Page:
Villa Henriette (film)

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Original title Villa Henriette
Country of production Austria ,
original language German
Publishing year 2004
length 88 minutes
Age rating FSK 0
Director Peter Payer
script Milan Dor
production Katja Dor ,
Brigitte Hofer ,
Erich Lackner ,
Fiona Meisel
music Bachmann courtship
camera Thomas Hardmeier
cut Britta Nahler

Villa Henriette is an Austrian-Swiss literary film adaptation by Peter Payer from 2004. It is based on motifs from the children's book of the same name by Christine Nöstlinger , who made a cameo in the film .


12-year-old Marie lives with her parents, brother Otto, uncle Albert, aunt Olli and her grandmother in the Villa Henriette. The villa has a life of its own, it speaks without the residents hearing it and interacts with the family, so it pulls up the blinds on its own at an early age and gets Marie to get up. Other things in the house also interact, but this is more because of the grandmother's ingenuity. The refrigerator and the rubbish bin speak, for example, the refrigerator says which food should be bought again. Marie's mother would like to escape the chaos, but is rarely there as a stewardess anyway. Marie's father is an archaeologist, her uncle, who is always ailing, takes care of the garden and her aunt prefers to write poetry, but is actually a lawyer. Marie's brother Otto usually lies around in the area taking photos.

Marie spends a lot of time with her friend Konrad, whom she is tutoring. One day he asks her if she would like to go with him, and she first agrees. Shortly afterwards she meets the new neighbor boy, Stefan, who she also likes. Marie soon finds herself in a quandary and leaves both boys in the dark for now. She has other problems, as her grandmother let herself be fooled into realizing a new invention. All the money she put into the implementation of a scooter is lost. At the same time, grandmother is in debt with 200,000 euros, as she bears the cost of the house alone because none of the family members pays rent. Since grandmother had speculated on the profit of her latest invention in order to pay off the debts, the foreclosure auction of the Villa Henriette is now pending .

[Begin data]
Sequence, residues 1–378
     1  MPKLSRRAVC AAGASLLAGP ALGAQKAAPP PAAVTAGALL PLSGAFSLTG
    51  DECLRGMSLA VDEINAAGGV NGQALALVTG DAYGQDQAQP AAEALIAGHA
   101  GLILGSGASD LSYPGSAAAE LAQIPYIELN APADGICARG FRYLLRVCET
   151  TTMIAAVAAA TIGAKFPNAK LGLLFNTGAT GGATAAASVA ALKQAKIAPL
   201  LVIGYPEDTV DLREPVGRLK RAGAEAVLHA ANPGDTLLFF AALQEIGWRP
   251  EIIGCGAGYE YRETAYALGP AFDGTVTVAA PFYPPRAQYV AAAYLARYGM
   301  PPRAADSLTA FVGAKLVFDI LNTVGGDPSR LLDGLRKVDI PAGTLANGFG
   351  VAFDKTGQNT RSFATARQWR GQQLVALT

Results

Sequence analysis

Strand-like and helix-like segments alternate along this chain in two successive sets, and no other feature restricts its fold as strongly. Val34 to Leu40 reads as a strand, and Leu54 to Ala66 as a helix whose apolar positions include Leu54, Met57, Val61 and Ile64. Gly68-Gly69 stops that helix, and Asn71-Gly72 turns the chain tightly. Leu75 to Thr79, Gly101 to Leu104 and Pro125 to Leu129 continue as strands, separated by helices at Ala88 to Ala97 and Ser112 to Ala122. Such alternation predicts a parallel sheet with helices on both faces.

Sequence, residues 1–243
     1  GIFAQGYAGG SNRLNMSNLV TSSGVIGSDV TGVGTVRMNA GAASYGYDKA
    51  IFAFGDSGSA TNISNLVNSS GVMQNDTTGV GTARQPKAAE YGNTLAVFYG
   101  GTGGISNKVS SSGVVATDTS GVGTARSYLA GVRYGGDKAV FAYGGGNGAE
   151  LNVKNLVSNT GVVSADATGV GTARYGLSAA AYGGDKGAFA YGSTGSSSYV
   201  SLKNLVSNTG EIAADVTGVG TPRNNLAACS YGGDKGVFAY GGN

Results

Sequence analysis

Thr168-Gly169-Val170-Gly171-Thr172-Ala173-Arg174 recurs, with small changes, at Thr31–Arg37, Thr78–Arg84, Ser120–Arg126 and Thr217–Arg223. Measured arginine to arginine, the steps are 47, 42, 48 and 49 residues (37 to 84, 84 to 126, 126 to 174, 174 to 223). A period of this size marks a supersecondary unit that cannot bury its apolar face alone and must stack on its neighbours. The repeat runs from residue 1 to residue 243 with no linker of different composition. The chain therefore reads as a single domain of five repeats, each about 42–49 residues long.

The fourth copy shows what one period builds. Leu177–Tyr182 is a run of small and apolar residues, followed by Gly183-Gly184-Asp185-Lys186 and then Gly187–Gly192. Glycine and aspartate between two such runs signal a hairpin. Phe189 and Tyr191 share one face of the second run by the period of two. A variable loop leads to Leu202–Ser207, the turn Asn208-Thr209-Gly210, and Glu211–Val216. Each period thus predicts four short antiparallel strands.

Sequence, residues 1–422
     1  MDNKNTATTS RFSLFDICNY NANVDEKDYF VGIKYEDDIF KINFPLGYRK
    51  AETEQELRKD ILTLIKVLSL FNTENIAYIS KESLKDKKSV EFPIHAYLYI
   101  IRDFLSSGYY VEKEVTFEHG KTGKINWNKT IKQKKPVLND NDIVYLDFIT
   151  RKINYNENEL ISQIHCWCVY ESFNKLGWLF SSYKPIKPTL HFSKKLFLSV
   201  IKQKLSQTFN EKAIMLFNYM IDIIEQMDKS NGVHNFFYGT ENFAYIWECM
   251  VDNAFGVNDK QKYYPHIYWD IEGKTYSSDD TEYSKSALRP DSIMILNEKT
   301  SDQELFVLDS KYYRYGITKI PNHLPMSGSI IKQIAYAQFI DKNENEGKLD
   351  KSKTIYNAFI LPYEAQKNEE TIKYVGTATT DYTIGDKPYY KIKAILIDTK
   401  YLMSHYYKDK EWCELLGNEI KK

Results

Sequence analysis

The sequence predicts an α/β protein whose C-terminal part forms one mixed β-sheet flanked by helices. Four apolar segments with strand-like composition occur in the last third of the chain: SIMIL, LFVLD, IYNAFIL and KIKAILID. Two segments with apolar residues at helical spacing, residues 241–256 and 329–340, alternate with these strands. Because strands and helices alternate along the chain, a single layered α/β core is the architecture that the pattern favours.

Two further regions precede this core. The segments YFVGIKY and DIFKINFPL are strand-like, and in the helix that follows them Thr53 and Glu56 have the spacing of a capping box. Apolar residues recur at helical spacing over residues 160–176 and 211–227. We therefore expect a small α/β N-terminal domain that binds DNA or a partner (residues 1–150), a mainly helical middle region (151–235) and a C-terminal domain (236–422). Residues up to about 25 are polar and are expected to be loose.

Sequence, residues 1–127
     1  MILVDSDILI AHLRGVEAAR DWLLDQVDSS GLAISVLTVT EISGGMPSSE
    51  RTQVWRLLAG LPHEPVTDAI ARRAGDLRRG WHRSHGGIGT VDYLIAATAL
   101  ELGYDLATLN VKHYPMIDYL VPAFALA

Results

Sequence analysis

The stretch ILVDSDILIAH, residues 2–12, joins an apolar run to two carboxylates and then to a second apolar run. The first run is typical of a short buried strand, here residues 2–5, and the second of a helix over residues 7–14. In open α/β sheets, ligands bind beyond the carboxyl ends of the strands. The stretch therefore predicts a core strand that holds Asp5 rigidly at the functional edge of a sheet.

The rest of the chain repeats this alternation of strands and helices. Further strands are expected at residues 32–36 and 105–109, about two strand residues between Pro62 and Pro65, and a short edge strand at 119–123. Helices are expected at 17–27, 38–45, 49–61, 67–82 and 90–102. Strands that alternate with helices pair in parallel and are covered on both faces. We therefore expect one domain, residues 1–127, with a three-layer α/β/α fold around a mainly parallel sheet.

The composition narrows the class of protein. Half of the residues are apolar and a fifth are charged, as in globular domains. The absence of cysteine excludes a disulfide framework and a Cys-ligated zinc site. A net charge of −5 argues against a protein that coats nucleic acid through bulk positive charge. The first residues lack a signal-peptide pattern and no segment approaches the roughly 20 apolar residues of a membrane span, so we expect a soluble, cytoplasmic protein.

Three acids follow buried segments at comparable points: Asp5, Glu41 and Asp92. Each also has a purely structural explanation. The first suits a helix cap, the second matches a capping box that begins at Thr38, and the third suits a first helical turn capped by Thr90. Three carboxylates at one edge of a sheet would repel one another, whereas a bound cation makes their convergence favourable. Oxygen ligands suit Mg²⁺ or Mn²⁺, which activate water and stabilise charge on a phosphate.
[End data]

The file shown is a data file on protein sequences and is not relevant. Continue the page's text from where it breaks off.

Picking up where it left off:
Marie investigates and finds the man who supposedly wanted to bring the invention to market. It is an extra in the film who also works as a zoo keeper. It turns out that he acted on behalf of him and took Grandmother's savings account, but not emptied it. Marie learns that the client is Uncle Albert, who wanted to save grandmother from ruin. He hands Marie the untouched savings book, which only contains 100,000 euros. The remaining 100,000 euros must be procured by the beginning of September, otherwise the foreclosure auction cannot be averted. Finally, Marie suggests making the talking refrigerator marketable. She introduces the device to Konrad's father, who trades on the stock exchange. He is so enthusiastic about the device that he buys the rights to the refrigerator and other similar inventions from his grandmother. Villa Henriette, in turn, transfers this to Marie, as she is legally no longer allowed to take out new loans. Marie receives 100,000 euros from Konrad's father for the patents and thus has the total amount that is sufficient to repay the debt. While Marie and Konrad drive to the court in order to be able to pay the sum before the foreclosure auction in the morning, Marie's mother, with Otto's help, destroys all the car tires to the responsible auction judge. Marie and Konrad arrive at the court on time, but the next foreclosure auction is already being prepared there. They think they lost. Only in the Villa Henriette do they find out that the auction has been postponed because the judge was unable to appear in court on time because of a punctured car tire. They are happy, they now have enough time to pay off their debts. To avoid similar cases in the future, Marie is introducing house rents. In turn, she still has to choose between Stefan and Konrad and does not choose either of the two, as they increasingly no longer fought for her, but only against each other.


Villa Henriette was opened under the working title Not for Sale! Shot in the summer and autumn of 2003 in Vienna and the surrounding area. Anita Stoisits created the costumes and Christoph Kanter designed the film . The film had its world premiere in September 2004 at the LUCAS film festival in Frankfurt am Main and was shown for the first time in Austria on November 20, 2004 at the 16th Vienna International Children's Film Festival. It was released in German cinemas on June 30, 2005. In 2005 the film was also released on DVD.

In the film, the songs Sunday and Heart Beats from Quarks can be heard.


For , Villa Henriette was “an extremely funny, thrilling and intelligent film for young and old that is simply fun”. The film-dienst saw the film as an “imaginative film adaptation that went against the grain of the genre”. Cinema called the film version solid and found that it offered some “nice ideas”, but criticized leading actress Hannah Tiefengraber as a “blatant miscast”.

The German Film and Media Evaluation FBW in Wiesbaden awarded the film the title valuable.

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Individual evidence

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  5. ^ Villa Henriette. In: Lexicon of International Films . Film service , accessed March 2, 2017 .Template: LdiF / Maintenance / Access used 
  6. See